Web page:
The first three years mark a critical period of cognitive and intellectual development in children.  Can parents take a pro-active role to nurture their child?  Or does IQ come inherent in our genes? Numerous studies have shown that even though genes do play a part, a significant portion of intellectual competency can be nurtured.

Besides good nutrition, parents or caregivers play a critical role in creating a conducive, loving environment to for a child to develop cognitively.


Good Nutrition

A study of 4,000 children published by Bristol University has shown that babies with a healthy, balanced diet fare better than babies who rely on too much processed or refined foods. One powerful brain food is fish oil, which is rich in long-chain omega-3 fatty acids such as EPA and DHA. This provides the building blocks required for cell development; starting an omega-3 rich diet early in pregnancy helps in boosting a child’s IQ.

Doctors recommend pregnant women to take supplements such as DHA, as part of a healthy, balanced diet. DHA can also be found in many infant formulas, and most importantly, in the all-natural breast milk.


Interactive Reading and Playtime


Closeup of Mother and daughter spending time together
Interactive Reading

Reading can be an enjoyable activity that bonds mother and child, as well as building his or her vocabulary at the same time! Studies have indicated that Interactive Reading, in which the child actively participates, can boost IQ by up to 6 points. Read about it here. Interestingly, the study also reveals that Interactive Reading loses its effectiveness when the child hits approximately 4 years old.

It is therefore ideal to start your child on Interactive Reading below the age of 3, in order to maximize his or her cognitive growth. Parents are also encouraged to ask open-ended questions, rather than merely reading. This would stimulate the thinking centers of the child’s brain, and encourage them to master speech and comprehension.

Playtime is also an excellent opportunity to develop your child’s intellectual ability. Let her discover sound with musical toys, teach her cause-and-effect with building blocks, or stimulate her senses with bright colours, simple patterns or interesting textures.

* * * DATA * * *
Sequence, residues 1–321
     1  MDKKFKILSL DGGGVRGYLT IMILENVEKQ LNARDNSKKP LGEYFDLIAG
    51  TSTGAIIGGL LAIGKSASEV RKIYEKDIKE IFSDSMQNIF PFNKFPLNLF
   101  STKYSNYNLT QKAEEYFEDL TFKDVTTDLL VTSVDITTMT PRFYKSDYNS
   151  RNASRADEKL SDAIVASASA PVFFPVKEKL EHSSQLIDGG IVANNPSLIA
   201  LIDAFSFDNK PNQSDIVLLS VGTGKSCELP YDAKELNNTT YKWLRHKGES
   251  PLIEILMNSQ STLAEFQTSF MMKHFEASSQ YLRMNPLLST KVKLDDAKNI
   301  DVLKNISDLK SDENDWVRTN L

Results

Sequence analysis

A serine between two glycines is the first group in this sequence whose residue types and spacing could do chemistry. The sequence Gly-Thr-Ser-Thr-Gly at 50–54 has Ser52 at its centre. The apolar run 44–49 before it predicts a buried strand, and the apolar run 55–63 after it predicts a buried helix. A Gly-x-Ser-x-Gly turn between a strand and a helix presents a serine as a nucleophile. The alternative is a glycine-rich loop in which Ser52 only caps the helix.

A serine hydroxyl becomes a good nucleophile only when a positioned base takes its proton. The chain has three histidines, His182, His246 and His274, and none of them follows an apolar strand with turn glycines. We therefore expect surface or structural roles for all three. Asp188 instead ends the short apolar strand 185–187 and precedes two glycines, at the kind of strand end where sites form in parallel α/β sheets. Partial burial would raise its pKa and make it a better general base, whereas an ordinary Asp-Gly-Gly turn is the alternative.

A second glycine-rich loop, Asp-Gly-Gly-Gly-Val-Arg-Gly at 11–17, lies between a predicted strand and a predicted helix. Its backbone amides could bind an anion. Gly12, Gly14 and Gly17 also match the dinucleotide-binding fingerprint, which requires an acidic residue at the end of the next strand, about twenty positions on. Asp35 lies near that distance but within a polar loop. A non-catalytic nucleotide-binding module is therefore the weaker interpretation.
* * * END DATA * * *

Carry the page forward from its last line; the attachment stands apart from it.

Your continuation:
If you’re keen to find out more about this topic, we’d recommend the following resource: “What's Going On in There? How the Brain and Mind Develop in the First Five Years of Life” by Lise Eliot, Ph.D. Happy reading!

Loving Relationships

Chinese young lady playing with her daughter at home
Parent-children bond enhances child's IQ

Everyone knows the importance of affectionate, loving relationships and how they heavily influence the development of young children. When a child’s needs are met in a loving and reliable manner, they have so much more freedom to explore and learn about the world around them, developing an inquisitive mind which is fundamental for intellectual growth.

An added benefit is that children are inclined to please the people which they love; if you lead by example and demonstrate how important learning and asking questions are to you, your child is likely to follow your example in order to please you! Encourage and stimulate them to talk and interact with others to promote social development.


Enrolling in a Pre-school

If your budget allows for it, a Pre-school is a controlled, safe environment for your child to be exposed to a range of beneficial stimuli. The rigor of pre-school allows your child to practice problem solving and to learn to navigate social situation – activities that may increase underlying intelligence. The education syllabus can also improve your child’s knowledge of specific facts, increase attention span, and develop verbal reasoning skills.

However, a Pre-school is not a substitute for parental care and affection! A child still needs every bit of attention and love to grow and develop optimally.


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